This is NOT gold, securities or cash, it is “Art”; precious, difficult to value and highly subjective as to taste. Art is the asset class that is often ignored in the estate planning process. Unlike securities, Art rarely has a title to its ownership, therefore, why bother planning for its disposition, simply take it off the wall (or pedestal) and hand it over to your loved ones without a shred of evidence of the transfer. Along with potential tax fraud, there are numerous planning problems with this laissez-faire approach. We must look to Art Law to shed light on these issues.
Art Law encompasses all legal aspects of the creation, acquisition, ownership, preservation and ultimate disposition of Art. Representation of “Artists,” “Dealers,” “Investors” or “Collectors” each present unique legal and tax issues.
The pursuit of profit as the primary motivation in owning Art is the key distinction in establishing oneself as an “Investor” or “Dealer” of Art, rather than a “Collector.” Here we assume that most Art lovers purchase Art for personal use and enjoyment. These individuals are characterized as “Collectors.” This results in the IRS treating the activity of Art collecting as a “Hobby.” Because of this distinction, the deduction for business-related expenses and writing off losses is severely limited for federal income tax purposes.
It may be called a Hobby, but the dollars involved are often significant. Billions of dollars’ worth of Art will be transferred to younger generations in the next two decades. Whether this Art will remain in the family or be sold to pay estate taxes and raise capital is unknown. Christies and Sotheby’s, two of the largest auction houses, handle hundreds of millions of dollars of Art transactions each year. Unfortunately for the privacy of the Collector, the sale will result in detailed tax reporting to the IRS. The sheer magnitude of the dollars involved has resulted in increased IRS scrutiny.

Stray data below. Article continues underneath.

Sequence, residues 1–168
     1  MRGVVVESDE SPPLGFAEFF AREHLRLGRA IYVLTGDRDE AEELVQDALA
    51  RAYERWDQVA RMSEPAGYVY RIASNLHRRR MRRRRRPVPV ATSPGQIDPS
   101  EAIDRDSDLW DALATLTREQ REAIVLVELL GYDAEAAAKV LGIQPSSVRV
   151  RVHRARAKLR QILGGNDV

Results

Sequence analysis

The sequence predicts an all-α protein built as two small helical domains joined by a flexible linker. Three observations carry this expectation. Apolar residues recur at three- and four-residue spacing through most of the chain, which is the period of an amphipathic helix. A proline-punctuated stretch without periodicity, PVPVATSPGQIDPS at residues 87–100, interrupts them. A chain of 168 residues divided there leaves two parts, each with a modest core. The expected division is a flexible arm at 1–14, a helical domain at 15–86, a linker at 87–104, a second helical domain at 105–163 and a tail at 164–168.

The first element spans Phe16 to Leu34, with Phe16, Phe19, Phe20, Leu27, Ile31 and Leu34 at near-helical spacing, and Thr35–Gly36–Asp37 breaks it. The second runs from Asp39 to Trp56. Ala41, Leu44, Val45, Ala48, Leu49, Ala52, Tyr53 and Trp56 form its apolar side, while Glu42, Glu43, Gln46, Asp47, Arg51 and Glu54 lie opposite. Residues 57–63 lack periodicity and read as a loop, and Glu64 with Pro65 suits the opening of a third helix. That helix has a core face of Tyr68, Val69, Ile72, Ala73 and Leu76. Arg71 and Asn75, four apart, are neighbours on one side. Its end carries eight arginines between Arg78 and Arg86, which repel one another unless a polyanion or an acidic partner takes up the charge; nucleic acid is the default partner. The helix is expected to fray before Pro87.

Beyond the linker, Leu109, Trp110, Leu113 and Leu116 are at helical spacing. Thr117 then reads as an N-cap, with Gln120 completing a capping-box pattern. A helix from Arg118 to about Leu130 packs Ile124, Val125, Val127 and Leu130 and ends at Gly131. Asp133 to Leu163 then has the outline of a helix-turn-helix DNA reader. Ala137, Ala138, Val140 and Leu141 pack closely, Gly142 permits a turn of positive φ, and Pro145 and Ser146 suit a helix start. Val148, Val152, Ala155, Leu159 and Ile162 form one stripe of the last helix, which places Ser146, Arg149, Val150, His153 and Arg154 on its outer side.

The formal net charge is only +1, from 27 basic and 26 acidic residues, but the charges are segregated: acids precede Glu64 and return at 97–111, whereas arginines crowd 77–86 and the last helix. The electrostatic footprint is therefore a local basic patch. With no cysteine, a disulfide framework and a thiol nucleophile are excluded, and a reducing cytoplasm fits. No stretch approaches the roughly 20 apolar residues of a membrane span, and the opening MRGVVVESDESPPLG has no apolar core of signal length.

Let’s say that an Art Collector has a Renoir valued at $2,500,000 and she decides to take the painting off the wall and give it to her daughter for Christmas. Years later, the innocent daughter decides that the painting now valued at $5,000,000 will be sold at Christies. The transaction is reported to the IRS and the paper trail begins (at the end). Did the young lady’s mother report the transaction on her annual gift tax return? What is the basis of the painting for federal income tax purposes? Suddenly, the simple transfer of the painting becomes a very expensive transaction.
Notwithstanding whether one is characterized as a Collector or an Investor, it is essential to keep excellent records about the artwork's history – the acquisition cost, the authenticity, the expenses of preservation, and most importantly the valuation throughout the term of ownership. A qualified appraiser must be engaged in the formal valuation process when a tax return is required to report the transfer of Art.
The fair market value of Art may be vastly different depending on the purpose of the valuation (philanthropy, gifting, divorce or death). As they say, “beauty is in the eye of the beholder.” The subjectivity and complexity of the valuation of Art make the estate planning for the transfer of wealth from generation to generation very intricate. There are many fabulous techniques available especially if you desire to leave all or a portion of your valuable Art collection to a charity.
In the end, the lesson to be learned is to start early in the planning process by disclosing and discussing your Art collection and other valuable tangible personal property with your entire estate planning team.
Your Art is your Legacy! Plan wisely for its care and disposition.